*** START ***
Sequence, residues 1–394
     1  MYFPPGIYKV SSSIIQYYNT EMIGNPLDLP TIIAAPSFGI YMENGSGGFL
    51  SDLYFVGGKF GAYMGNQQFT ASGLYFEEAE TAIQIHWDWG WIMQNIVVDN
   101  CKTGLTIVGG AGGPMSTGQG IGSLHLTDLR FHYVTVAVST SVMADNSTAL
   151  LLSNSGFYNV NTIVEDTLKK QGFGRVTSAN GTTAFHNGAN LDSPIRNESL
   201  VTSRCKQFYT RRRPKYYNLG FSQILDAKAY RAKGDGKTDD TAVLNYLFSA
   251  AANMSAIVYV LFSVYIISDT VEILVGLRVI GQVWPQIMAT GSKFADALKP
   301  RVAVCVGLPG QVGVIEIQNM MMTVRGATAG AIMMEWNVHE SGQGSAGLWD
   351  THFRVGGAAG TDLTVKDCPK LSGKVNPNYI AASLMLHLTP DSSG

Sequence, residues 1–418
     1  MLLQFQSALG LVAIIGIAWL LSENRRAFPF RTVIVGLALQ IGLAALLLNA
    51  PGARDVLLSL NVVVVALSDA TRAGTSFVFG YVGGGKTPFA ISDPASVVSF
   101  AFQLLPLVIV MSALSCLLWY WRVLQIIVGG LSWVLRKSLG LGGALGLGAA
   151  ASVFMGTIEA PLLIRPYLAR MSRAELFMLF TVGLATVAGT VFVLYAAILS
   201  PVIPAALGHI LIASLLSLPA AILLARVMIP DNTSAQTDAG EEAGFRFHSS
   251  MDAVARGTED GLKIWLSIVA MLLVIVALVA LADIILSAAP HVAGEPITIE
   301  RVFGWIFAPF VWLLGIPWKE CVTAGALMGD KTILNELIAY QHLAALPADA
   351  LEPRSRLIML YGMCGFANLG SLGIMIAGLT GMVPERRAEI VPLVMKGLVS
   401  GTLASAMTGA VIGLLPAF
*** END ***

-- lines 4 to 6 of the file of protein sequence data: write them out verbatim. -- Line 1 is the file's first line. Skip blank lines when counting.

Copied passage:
   101  CKTGLTIVGG AGGPMSTGQG IGSLHLTDLR FHYVTVAVST SVMADNSTAL
   151  LLSNSGFYNV NTIVEDTLKK QGFGRVTSAN GTTAFHNGAN LDSPIRNESL
   201  VTSRCKQFYT RRRPKYYNLG FSQILDAKAY RAKGDGKTDD TAVLNYLFSA